On Sunday, just two days after meeting with President Obama in Washington, German Chancellor Angela Merkel spoke with Russian President Vladimir Putin by phone to stress the importance of “effective international action" to ease tensions in Ukraine.
The latter part of the call was likely more important to Merkel than anything happening in Ukraine. The Kremlin said the two leaders also discussed the security of Europe’s gas supply. Russia supplies about one third of European natural gas, and European payments for Russian energy make up some 40 percent of Russia’s state budget. The relationship is imperative to both.
Germany, as Europe’s biggest economy, is the one country that could hold Putin’s feet to the fire by calling for sanctions on Russia’s energy sector. And Merkel is the world leader that’s closest to Putin; she has often served as a go-between for Obama and other world leaders.
However, despite protesting publicly, Merkel has done little to check Russian aggression in Ukraine other than sanction some wealthy Russia individuals. At the same time, ties between Berlin and Washington remain strained following allegations that the NSA targeted her cell phone.
Stephen F. Szabo, executive director of the Transatlantic Academy at the German Marshall Fund, says the crisis in Ukraine could mark a dramatic change in the nature of the relationship between Germany and the United States. During the Cold War, opposition to the Soviet Union bound the two. After the Cold War, the relationship was based on wells of trust that had been built during the standoff.
Now, according to Szabo, Germany is reevaluating its relationship with Washington, and could turn east instead of west.
“We’re looking at a pretty serious change in the German relationship with the United States,” he said. “We’re seeing a split in Germany over the east or the west.”
The Ukraine crisis puts Merkel in a difficult spot. If she choses Washington, she risks alienating her most important energy partner. If she choses Moscow, she risks alienating long-time allies while putting an important trade deal, as well as Germany's moral authority in international relations, at risk.
Iraq War Backlash
Szabo said that the relationship between the United States and Germany began to significantly deteriorate in the run-up to the Iraq war. Germany, which is prohibited by its constitution from waging offensive war, was vehemently opposed to it. Former President George W. Bush did little to acknowledge German concerns about the war, escalating tension.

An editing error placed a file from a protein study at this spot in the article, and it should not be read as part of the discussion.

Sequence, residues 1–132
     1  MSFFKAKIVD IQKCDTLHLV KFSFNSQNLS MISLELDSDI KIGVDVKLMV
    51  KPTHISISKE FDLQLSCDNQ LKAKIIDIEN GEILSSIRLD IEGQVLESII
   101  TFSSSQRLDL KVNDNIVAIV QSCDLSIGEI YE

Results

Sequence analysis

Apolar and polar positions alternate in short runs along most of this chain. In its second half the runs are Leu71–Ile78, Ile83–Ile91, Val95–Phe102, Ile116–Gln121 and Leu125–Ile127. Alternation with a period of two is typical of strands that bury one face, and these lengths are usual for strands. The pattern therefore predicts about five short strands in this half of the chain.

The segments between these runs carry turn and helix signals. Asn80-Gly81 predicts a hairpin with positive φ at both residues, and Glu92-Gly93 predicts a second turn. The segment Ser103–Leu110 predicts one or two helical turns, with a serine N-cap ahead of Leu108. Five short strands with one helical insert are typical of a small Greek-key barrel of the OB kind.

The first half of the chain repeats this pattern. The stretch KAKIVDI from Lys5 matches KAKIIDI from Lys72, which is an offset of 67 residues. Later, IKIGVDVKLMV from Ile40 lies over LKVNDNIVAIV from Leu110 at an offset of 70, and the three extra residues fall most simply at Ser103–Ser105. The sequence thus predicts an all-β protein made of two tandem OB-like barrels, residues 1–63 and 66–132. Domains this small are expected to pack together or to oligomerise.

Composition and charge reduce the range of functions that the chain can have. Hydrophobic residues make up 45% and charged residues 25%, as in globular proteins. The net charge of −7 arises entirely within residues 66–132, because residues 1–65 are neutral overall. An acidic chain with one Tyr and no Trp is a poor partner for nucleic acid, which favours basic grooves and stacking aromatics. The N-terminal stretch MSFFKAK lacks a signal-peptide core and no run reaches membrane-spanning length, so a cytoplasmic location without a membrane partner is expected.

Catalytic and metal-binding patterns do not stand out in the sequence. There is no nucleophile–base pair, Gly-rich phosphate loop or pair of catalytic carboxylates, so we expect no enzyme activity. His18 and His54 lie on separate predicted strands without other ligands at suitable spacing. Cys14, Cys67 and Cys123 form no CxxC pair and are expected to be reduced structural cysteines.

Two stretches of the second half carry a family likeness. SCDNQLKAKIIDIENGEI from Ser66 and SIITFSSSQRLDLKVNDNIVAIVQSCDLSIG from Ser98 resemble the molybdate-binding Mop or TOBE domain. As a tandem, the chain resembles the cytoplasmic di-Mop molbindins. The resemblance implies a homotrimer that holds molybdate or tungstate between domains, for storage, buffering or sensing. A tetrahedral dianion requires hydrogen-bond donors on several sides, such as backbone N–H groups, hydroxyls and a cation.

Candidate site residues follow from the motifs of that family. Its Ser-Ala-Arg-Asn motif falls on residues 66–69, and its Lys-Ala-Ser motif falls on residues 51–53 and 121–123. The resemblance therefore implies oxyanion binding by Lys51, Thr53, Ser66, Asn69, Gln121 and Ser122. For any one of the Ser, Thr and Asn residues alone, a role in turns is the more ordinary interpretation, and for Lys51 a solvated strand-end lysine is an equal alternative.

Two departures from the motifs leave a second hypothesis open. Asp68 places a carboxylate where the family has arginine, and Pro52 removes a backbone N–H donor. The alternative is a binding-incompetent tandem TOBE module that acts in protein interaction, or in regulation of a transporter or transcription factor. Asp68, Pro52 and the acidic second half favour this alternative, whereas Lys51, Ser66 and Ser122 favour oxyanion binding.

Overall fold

“Back then the two governments were doing everything they could to make it worse,” he said.
At the same time, ties between Russia and Germany grew. Germany signed a deal with Gazprom to build a pipeline directly from Russian soil to Germany. Germany tried to help Russia diversify its economy by attempting to get it into the auto business.
The revelations about NSA spying have once again turned the German public against the United States. A recent poll found that Germans were split on whether Putin or Obama is a better partner.
“The NSA thing is something representative of a deeper alienation of the United States,” Szabo said. “There is something deeper going on.”
Saved by Trade?
Neil Thompson, editor at atlantic-community.org, says the one thing that ties Washington and Berlin is the Transatlantic Trade and Investment Partnership (TTIP). The deal would add billions of dollars to the American and European economies.
“Getting TTIP passed is on the agendas of both the Obama Administration and Merkel’s government,” he said. “Berlin will not get what it wants on the NSA issue, Washington will not get very much from Merkel over Ukraine and TTIP will get a little push forward.”
Top Reads from The Fiscal Times